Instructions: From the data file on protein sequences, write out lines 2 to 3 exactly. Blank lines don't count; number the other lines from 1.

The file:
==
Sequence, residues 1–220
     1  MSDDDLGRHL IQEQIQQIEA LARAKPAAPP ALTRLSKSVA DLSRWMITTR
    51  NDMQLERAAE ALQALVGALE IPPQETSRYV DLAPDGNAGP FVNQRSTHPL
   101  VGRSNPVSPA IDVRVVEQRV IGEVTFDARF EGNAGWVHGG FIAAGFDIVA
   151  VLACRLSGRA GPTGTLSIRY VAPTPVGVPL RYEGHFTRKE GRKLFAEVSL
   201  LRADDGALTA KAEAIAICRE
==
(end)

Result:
     1  MSDDDLGRHL IQEQIQQIEA LARAKPAAPP ALTRLSKSVA DLSRWMITTR
    51  NDMQLERAAE ALQALVGALE IPPQETSRYV DLAPDGNAGP FVNQRSTHPL